Video: Nurse Faints During Press Conference Minutes After Getting COVID-19 Vaccine
A nurse fainted after getting the vaccine for COVID-19, however, she says it was from the pain of the injection, not from the vaccine itself.
A critical care nurse at a Chattanooga, Tennessee hospital fainted while speaking at a press conference less than 20 minutes after receiving the COVID-19 vaccine. The dramatic video has some people concerned about adverse reactions to the vaccine, but health experts state this is nothing to cause alarm as there is a simple explanation.
Tiffany Dover, a CCU Nurse Manager, was speaking to WTVC NewsChannel 9 reporters about the Tennessee city’s first vaccinations of front-line workers.
Seventeen minutes after receiving the vaccine, Dover put her hand on her head to signal she was dizzy. She then muttered “excuse me” before nearby doctors caught her as she fell to the floor.
Tennessee Nurse Says She Has A Condition That Causes Her To Faint
The nurse rebounded quickly and explained to WTVC reporters that she has a condition which causes her to faint when she feels pain.
“It is common for me,” Dover said.
CHI Memorial Hospital Chattanooga also told WTVC that Dover’s fainting was not caused by the COVID-19 vaccine.
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Video of Dover’s fainting spell in the middle of the press conference can be seen below.
Allergic Reactions To Vaccines
Dover is not the first to have an adverse reaction to the COVID-19 vaccine. While this is not an isolated incident, health officials report the public should not be concerned.
There are allergic reactions to every vaccine, depending on the recipient’s health. Most are minor and may just be a sore spot on the arm.
Dover recovered immediately and her fainting spell is reportedly a reaction to the injection itself rather than the vaccine.
Bartlett Hospital in Juno, Alaska reports two health care workers had reactions to the vaccine within 10 minutes of receiving them.
One of them remained at the hospital under observation.
Reactions are going to get attention as some members of the public have heightened concerns about the vaccine.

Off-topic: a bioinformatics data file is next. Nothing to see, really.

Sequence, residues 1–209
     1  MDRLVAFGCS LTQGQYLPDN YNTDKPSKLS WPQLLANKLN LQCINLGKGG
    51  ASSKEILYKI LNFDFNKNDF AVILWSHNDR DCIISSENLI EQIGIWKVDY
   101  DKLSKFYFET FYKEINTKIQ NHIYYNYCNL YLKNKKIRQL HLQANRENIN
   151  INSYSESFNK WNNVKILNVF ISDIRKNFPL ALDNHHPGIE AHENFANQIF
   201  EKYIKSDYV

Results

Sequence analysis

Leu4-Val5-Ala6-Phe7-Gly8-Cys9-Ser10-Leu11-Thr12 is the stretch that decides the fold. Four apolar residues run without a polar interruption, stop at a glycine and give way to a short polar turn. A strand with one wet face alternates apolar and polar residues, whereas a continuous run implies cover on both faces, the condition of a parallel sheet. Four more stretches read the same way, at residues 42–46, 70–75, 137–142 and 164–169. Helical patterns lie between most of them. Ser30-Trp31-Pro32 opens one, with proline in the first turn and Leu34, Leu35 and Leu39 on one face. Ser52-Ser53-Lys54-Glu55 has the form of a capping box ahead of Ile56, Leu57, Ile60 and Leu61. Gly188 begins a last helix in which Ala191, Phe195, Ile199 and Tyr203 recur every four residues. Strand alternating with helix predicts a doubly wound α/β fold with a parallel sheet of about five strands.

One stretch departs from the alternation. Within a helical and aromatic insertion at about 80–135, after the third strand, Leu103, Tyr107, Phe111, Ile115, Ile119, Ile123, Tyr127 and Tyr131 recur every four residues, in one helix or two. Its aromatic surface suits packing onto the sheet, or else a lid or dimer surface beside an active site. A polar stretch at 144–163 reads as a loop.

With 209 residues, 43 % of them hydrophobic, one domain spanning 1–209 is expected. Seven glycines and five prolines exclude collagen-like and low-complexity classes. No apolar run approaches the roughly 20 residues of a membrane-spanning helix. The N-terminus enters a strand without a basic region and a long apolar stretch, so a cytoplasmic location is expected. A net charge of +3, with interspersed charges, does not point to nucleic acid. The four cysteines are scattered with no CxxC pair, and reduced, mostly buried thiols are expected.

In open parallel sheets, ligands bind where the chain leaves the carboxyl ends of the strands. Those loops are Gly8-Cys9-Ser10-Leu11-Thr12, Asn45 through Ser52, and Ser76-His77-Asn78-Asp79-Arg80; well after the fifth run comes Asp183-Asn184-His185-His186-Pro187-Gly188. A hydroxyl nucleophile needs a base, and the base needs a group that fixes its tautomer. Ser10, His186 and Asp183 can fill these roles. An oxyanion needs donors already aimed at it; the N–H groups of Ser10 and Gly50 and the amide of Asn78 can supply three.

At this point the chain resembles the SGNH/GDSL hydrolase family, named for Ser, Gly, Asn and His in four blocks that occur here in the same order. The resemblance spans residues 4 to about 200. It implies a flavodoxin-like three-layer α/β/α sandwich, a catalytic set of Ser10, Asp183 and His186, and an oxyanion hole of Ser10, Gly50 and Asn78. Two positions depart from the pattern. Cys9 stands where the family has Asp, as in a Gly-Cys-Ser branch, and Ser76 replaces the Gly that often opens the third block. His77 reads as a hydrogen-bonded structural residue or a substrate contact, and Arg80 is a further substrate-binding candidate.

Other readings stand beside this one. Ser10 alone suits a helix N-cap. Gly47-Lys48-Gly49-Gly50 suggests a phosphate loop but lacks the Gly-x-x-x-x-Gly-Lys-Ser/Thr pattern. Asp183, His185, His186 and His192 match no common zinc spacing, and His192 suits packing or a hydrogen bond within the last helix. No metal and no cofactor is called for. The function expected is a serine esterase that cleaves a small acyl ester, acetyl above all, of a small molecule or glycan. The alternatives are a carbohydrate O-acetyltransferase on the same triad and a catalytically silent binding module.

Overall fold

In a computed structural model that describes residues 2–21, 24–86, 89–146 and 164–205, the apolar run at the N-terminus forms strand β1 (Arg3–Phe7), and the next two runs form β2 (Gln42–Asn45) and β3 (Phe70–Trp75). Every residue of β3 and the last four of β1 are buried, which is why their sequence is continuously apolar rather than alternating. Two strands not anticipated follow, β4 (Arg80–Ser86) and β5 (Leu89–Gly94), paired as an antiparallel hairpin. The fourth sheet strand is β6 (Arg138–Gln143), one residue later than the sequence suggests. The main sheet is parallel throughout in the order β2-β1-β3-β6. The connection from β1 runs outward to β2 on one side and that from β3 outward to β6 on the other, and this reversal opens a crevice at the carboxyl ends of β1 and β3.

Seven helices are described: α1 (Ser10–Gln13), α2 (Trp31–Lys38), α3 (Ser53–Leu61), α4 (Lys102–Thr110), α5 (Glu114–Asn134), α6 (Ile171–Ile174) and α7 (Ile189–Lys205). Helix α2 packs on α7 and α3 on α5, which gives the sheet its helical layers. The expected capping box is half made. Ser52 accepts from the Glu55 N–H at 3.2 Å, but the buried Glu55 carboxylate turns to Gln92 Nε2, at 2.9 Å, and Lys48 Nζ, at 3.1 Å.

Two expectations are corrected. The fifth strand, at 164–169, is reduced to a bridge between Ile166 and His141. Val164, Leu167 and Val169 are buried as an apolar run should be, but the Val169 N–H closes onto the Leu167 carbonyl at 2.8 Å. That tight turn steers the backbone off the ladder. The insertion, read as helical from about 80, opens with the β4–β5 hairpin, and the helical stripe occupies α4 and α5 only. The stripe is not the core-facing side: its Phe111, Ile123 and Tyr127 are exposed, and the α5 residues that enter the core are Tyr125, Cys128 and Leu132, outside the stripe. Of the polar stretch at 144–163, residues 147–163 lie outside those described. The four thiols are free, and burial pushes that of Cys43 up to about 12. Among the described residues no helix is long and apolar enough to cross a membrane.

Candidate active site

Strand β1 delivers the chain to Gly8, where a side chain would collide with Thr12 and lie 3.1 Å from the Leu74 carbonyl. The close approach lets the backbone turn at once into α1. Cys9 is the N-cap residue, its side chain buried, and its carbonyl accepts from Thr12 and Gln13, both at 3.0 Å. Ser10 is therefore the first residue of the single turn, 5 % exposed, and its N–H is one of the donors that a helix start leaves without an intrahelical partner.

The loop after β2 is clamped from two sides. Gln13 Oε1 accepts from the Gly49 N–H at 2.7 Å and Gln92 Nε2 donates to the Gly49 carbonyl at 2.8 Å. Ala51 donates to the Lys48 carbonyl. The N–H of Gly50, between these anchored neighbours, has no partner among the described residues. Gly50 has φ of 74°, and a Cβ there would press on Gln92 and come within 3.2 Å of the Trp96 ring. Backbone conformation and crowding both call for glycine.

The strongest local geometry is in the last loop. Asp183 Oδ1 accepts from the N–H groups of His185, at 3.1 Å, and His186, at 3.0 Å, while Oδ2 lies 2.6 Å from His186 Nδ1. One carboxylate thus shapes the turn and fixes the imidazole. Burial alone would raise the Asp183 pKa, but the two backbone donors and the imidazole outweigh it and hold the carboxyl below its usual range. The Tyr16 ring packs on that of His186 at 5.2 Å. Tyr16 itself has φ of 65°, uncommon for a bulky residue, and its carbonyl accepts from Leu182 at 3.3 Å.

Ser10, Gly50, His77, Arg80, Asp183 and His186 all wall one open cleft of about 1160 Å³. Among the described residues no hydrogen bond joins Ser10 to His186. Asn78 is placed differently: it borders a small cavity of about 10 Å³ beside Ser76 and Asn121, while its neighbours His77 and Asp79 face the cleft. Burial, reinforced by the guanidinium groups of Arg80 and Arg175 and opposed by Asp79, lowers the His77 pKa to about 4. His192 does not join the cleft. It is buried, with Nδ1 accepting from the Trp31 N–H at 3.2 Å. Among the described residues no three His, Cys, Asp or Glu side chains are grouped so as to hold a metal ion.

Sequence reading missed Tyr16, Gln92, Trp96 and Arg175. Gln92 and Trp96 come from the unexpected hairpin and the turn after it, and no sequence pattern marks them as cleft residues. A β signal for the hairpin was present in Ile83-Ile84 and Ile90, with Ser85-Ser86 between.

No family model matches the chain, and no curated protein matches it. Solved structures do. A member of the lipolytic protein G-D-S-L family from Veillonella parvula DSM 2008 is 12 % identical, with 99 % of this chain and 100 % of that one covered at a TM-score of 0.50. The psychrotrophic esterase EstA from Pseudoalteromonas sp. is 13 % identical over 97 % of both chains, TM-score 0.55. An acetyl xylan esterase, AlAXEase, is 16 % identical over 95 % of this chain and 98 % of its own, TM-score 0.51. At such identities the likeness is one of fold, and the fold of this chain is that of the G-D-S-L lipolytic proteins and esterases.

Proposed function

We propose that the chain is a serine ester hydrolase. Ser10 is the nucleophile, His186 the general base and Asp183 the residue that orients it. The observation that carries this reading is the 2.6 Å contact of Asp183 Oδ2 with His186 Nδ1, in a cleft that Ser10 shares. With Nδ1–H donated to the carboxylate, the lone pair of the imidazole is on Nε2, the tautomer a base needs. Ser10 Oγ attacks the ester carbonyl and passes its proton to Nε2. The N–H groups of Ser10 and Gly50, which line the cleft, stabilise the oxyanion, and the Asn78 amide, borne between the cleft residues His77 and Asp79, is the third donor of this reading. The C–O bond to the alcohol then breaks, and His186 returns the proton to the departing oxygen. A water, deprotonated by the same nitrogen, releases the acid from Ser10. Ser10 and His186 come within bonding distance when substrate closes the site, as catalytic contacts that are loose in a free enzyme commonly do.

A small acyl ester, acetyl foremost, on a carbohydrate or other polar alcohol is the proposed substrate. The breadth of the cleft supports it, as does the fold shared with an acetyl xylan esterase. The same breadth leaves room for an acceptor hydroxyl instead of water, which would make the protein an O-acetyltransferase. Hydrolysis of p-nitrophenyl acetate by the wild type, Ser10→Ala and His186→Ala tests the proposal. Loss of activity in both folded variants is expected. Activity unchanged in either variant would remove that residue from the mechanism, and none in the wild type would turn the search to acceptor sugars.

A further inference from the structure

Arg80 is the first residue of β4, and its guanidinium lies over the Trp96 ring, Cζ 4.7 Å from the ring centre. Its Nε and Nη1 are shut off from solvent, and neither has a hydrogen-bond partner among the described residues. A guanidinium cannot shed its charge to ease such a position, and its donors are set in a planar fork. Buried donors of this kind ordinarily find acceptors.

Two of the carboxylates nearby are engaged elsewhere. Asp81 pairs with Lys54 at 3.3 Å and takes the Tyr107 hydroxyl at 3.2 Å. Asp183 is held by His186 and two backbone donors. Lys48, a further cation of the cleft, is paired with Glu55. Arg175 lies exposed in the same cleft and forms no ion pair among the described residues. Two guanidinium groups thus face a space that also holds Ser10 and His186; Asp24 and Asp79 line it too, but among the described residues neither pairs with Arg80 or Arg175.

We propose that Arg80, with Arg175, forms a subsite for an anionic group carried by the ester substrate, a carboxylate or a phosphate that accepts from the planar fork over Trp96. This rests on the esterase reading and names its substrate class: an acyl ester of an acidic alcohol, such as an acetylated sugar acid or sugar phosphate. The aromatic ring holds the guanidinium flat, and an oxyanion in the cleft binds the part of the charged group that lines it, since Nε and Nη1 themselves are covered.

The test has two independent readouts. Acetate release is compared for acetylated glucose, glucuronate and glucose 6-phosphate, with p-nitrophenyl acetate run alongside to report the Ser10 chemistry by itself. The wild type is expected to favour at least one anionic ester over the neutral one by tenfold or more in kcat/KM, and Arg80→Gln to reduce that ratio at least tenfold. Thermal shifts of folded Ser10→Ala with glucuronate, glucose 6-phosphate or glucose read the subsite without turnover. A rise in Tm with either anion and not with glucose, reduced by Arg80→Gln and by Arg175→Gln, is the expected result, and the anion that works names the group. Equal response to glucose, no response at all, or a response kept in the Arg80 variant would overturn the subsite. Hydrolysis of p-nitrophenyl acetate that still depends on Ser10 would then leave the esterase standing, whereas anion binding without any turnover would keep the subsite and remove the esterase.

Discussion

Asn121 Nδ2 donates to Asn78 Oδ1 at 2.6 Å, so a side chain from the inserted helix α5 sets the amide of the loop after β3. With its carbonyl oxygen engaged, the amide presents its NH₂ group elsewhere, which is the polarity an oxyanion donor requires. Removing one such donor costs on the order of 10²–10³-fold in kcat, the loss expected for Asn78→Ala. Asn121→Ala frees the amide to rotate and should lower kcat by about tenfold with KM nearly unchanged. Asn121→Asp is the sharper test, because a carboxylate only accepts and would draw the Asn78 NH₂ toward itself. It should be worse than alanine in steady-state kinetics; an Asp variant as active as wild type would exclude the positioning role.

The vast majority of vaccines have been uneventful and not drawn attention.
Who’ll Get Vaccinated And When
Most people will have to wait months for the vaccine because they are being given first to frontline health care workers who are particularly at risk of being exposed to coronavirus.
That includes approximately 20 million U.S. doctors, nurses, lab technicians, EMT and hospital staff.
Residents and employees of long-term care facilities such as nursing homes will also be included in the first batch of inoculations.
Dr. Fauci, Director of the National Institute of Allergy and Infectious Diseases, said President Trump, Vice President Mike Pence, President-Elect Biden, and Vice-President Elect Harris should be vaccinated.
“You still want to protect people who are very important to our country right now.”
Vice President Mike Pence and Second Lady Karen Pence signaled their confidence in the vaccine by publicly receiving the first shot. “I didn’t feel a thing,” Pence said after getting his COVID-19 vaccination in the tweeted video below.
“I didn’t feel a thing,” Pence says after getting his coronavirus vaccine. pic.twitter.com/Lt6ocSoL78
— Jennifer Jacobs (@JenniferJJacobs) December 18, 2020
The Vice President has been spearheading the federal government’s response to the pandemic. Including Operation Warp Speed which paved the way for the vaccine to be developed in record time.
And, he just tweeted this:
We want to ensure every American: While we cut red tape, we have cut no corners when it comes to the development of this SAFE and EFFECTIVE vaccine. pic.twitter.com/aKAEzxUVd6
— Mike Pence (@Mike_Pence) December 18, 2020
Once the vaccine is widely available, the goal is for everyone to get vaccinated. Dr. Fauci expects “the ordinary citizen” should be able to get a vaccine by April, May or June 2021. That will be after the essential workers, then people with underlying medical conditions, and adults over 65 years old.
Doctors and other healthcare workers continue to be injected with the COVID-19 vaccine. These caregivers and health experts are not concerned by the handful of reactions reported thus far.